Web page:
While he won't comment on the privately-held company's financials, Mr Cross says PowerbyProxi is ontrack to become profitable over the next year.

ckeall@nbr.co.nz


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7 Comments & Questions

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Well done Greg and team.

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This is a great result Greg. Well done. Exactly the sort of deals we need to be seeing much more of.

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I have a Nokia Smartphone which charges wirelessly and I like the ease of the approach very much. It's simple, easy and convenient. There’s nothing not to like! I know anything about this sleeve thing mentioned above??? I just pop my phone on top of the charging pad - which you can put anywhere - and it starts charging. And when it's done you just pick up your phone and go.

I notice too that Bosch (still privately owned by the way, 52.3 billion euros in revenue in 2012) already has a wireless charging system available for electric vehicles although it is more expensive than the standard plug-in approach (US$3000) to charging the batteries. But it just sits on the garage floor under the car, and starts charging once you have parked your car at night. What’s easier than that?

It’s abundantly clear the advantages that this type of technology holds and it is, dear I say, the future.

It’s good to see an innovative and creative New Zealand company getting in on the act as well. Best of luck to them.

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I love the concept of wireless charging, but I found Nokia's charging plate (around $75) just too slow.

And once you've carefully sat the Lumia 920 on the thin charging plate, there's no time saved on plugging in a USB jack or popping it on a dock (The company also sells a wireless charging pillow for around $110, which I haven't had the chance to test).

I don't know if people will every buy a different brand of wireless charger for each of their gadgets.

If this technology flies, it will be with a thin, wide pad that support multiple brands supporting a common wireless standard (currently this early-stage technology has at least two competing standards, plus various proprietary solutions).

And it's got to be quick.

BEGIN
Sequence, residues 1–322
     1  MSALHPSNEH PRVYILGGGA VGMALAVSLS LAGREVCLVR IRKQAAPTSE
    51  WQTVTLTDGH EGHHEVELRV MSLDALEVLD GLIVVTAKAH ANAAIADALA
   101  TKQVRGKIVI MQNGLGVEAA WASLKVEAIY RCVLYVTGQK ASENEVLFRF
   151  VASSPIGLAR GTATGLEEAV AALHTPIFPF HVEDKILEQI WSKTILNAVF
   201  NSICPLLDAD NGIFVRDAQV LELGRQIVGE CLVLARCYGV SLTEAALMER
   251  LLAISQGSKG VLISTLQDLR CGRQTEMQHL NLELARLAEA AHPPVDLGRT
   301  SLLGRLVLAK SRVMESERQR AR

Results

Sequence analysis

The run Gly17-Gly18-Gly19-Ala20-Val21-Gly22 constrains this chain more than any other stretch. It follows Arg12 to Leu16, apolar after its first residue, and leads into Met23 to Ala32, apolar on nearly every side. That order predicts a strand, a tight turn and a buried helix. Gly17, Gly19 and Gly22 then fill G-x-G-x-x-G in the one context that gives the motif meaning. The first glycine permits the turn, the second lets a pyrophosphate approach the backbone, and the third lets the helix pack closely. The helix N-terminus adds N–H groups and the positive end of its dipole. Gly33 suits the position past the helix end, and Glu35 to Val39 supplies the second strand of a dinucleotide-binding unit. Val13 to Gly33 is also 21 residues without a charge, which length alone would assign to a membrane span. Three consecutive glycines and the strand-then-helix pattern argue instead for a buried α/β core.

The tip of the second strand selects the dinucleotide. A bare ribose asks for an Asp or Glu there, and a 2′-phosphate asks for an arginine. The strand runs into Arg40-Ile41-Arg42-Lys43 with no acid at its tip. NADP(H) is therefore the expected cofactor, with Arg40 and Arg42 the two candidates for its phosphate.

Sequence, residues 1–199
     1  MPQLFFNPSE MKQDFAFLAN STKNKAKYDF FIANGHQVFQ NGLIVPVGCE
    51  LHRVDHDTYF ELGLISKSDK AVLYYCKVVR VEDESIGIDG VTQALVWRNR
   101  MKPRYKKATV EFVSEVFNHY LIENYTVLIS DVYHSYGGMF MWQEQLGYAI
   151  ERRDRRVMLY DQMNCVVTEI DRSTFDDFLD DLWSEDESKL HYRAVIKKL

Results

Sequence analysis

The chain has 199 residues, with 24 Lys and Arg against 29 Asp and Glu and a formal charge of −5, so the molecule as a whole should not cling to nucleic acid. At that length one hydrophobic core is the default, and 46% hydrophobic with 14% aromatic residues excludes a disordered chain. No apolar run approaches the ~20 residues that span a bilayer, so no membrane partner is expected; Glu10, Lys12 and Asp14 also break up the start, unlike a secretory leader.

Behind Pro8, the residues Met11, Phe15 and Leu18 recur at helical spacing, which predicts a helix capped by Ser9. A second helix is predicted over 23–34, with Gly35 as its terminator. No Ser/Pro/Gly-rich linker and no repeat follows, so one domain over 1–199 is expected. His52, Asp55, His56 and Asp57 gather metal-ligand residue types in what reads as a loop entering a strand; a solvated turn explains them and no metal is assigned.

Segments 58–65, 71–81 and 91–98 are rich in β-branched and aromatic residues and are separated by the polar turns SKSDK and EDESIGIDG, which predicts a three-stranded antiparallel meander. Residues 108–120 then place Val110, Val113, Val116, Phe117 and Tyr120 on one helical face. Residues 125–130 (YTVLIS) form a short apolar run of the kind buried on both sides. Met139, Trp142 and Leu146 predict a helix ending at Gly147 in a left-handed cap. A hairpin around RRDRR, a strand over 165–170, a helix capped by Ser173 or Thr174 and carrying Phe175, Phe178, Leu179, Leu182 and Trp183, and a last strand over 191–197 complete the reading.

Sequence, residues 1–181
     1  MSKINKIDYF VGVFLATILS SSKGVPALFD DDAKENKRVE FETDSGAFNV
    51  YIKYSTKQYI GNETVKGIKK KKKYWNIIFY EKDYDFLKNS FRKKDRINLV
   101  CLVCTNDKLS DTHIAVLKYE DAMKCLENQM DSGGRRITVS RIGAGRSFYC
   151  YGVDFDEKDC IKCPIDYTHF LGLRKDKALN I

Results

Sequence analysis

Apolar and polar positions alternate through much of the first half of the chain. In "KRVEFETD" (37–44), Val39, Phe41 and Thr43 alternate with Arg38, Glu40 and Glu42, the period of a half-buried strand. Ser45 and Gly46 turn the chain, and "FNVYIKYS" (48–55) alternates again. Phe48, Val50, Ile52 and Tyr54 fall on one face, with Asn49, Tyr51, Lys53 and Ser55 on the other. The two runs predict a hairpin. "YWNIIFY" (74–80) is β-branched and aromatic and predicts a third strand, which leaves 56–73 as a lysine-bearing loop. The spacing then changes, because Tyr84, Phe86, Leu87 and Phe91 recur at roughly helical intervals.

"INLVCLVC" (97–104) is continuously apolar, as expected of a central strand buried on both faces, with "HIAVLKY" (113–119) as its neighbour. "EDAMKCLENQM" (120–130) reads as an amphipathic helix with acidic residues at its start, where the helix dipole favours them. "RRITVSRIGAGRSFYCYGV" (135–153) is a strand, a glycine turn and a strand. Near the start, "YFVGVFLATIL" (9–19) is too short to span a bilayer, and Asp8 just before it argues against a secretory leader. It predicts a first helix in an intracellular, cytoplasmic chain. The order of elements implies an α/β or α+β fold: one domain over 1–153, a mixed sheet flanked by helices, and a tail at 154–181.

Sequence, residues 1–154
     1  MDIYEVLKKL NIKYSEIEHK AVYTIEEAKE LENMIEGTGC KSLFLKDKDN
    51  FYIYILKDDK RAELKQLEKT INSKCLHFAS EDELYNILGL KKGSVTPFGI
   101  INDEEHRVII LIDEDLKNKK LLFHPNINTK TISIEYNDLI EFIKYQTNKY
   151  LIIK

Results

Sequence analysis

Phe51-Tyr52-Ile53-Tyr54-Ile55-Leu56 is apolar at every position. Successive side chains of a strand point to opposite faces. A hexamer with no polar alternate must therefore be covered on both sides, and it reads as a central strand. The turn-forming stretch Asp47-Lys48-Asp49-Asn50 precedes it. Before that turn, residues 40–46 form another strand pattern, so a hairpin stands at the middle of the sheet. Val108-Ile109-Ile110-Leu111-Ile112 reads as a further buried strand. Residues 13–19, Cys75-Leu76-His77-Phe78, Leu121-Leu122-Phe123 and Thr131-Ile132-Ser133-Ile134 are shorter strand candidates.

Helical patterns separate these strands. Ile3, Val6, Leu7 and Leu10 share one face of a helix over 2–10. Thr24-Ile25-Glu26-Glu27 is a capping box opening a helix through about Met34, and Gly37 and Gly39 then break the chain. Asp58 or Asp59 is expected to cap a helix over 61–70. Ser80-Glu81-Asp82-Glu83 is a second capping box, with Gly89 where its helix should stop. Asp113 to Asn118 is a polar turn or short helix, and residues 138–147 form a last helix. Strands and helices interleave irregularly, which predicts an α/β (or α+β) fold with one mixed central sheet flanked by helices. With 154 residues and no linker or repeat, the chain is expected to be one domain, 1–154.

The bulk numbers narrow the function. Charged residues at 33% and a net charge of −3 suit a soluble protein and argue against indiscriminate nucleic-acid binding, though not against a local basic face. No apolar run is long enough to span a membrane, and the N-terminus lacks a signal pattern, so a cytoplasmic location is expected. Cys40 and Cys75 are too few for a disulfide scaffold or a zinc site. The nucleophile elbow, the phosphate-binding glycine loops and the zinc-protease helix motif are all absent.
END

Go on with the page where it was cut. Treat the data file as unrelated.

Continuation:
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Great to see Kiwis coming up with yet more winning technology (touch screens, foiling catamarans, wireless chargers, the list goes on) will help keep NZ Inc to the fore.

Do not think charging speed is the most important issue, for me it is multiple devices using same platform, in most homes that is 4 or more phones, the odd toy, and laptop or tablet. Brilliant, just think how many chargers you have thrown out over the last ten years or so.

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Agree multiple device support is the important criteria - and the attendant requirement for phones and other gadgets to integrated wireless charging support.

I mentioned speed because the Nokia charging plate was so slow I wondered if it was even working at first. We're all juggling multiple devices with sub-24 hour battery times (or sub-10 with intensive use) so you've often in situations were you want a fast charge.

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The speed is not an issue for me (and it's not that slow although it is slower than a plugin) as I use it to charge my phone at night by my bed. It cuts off automatically when the phone is charged. I'm surprised you said you had to take great care to sit the phone on the charger correctly as I haven't found any great care is needed at all. I just plonk it on.

But I agree there is room for improvement with this technology, however having said that this is the early Model T stages of it, and with innovative companies like Powerbyproxy working in this space I'm looking forward to what improvements they come up with.